- detailed description of living conditions, food and clothing:

“The principal food of those upon my master's plantation consisted of corn meal, and salt herrings; to which was added in summer a little buttermilk, and the few vegetables which each might raise for himself and his family, on the little piece of ground which was assigned to him for the purpose, called a truck patch. The meals were two, daily. The first, or breakfast, was taken at 12 o'clock, after laboring from daylight; and the other when the work of the remainder of the day was over. The only dress was of tow cloth, which for the young, and often even for those who had passed the period of childhood, consisted of a single garment, something like a shirt, but longer, reaching to the ancles; and for the older, a pair of pantaloons, or a gown, according to the sex; while some kind of round jacket, or overcoat, might be added in winter, a wool hat once in two or three years, for the males, and a pair of coarse shoes once a year. Our lodging was in log huts, of a single small room, with no other floor than the trodden earth, in which ten or a dozen persons--men, women, and children--might sleep, but which could not protect them from dampness and cold, nor permit the existence of the common decencies of life. There were neither beds, nor furniture of any description--a blanket being the only addition to the dress of the day for protection from the chillness of the air or the earth. In these hovels were we penned at night, and fed by day; here were the children born, and the sick--neglected. Such were the provisions for the daily toil of the slave.” – excerpt from Henson’s Narrative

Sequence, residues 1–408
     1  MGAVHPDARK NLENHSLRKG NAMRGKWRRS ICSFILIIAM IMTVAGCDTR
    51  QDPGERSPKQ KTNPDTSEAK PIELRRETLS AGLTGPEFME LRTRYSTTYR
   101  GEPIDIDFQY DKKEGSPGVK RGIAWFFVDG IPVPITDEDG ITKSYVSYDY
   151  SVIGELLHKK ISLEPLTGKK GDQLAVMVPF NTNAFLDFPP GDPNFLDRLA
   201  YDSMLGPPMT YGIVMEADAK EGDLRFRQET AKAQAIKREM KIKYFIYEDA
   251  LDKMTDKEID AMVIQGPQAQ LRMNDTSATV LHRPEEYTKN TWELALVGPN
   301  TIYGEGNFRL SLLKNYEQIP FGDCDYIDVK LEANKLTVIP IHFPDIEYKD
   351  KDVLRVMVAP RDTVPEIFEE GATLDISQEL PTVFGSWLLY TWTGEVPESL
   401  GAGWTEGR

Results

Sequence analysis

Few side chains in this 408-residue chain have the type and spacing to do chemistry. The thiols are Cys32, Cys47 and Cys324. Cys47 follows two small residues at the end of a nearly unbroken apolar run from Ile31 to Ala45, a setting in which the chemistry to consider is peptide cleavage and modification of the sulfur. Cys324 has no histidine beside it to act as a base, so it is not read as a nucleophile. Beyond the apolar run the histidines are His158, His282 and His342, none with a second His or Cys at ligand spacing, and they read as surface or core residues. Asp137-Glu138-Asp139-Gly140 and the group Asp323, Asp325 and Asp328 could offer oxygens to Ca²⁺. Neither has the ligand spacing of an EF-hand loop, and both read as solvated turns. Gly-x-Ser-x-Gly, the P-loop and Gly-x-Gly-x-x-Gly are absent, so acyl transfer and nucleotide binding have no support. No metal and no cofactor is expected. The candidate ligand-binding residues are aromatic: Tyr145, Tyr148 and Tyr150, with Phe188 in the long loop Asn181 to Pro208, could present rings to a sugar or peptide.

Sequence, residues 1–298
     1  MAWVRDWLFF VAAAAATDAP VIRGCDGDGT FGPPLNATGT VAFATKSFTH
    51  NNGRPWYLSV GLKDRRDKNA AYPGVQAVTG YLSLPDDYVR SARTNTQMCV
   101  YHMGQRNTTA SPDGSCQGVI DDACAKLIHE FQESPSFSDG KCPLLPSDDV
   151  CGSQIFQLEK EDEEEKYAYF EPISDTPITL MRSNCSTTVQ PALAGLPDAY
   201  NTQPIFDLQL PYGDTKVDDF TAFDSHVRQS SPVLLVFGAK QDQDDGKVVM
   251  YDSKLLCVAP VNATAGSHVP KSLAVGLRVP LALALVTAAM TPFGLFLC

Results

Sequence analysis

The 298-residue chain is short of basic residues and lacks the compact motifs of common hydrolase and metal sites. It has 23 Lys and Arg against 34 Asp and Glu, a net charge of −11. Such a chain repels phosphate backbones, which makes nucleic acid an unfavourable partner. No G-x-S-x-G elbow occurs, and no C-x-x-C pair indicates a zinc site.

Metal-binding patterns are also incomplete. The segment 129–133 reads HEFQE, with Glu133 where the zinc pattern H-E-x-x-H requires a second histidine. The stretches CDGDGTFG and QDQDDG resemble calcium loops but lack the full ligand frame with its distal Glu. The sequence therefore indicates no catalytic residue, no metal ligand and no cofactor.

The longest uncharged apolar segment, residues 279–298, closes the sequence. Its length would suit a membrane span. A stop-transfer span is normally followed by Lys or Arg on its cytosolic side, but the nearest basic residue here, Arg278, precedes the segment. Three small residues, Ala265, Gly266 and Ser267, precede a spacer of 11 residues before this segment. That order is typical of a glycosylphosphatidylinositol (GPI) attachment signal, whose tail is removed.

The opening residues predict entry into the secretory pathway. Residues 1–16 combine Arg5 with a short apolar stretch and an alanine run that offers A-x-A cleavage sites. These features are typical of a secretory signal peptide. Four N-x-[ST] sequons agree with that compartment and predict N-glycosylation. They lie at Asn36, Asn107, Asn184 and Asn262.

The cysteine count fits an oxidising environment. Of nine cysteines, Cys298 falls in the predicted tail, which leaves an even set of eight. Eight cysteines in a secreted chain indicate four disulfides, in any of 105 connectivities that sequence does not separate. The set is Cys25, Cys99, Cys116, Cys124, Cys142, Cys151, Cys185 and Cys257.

- never considered running away until betrayed by master; he had always planned to buy himself free, but his master cheated him out of years of hard-earned money

- escapes to Canada with wife and four children with help along the way


Harriet Jacobs

-born a slave into a loving family (mother, father, grandmother)

- both parents die when Harriet is young

-as a child she is a personal servant to her mistress(es)

-cruelly tormented and verbally abused by master

- when she finally decides to escape, she must hide in an attic (no more than four feet high) for 7 years before she is able to successfully escape


William Wells Brown

-born in Lexington, MO in 1815

-son of slave owner

-has vivid memory of being 10 years old and hearing his mother being visciously beaten by overseer; overwhelmed by helplessness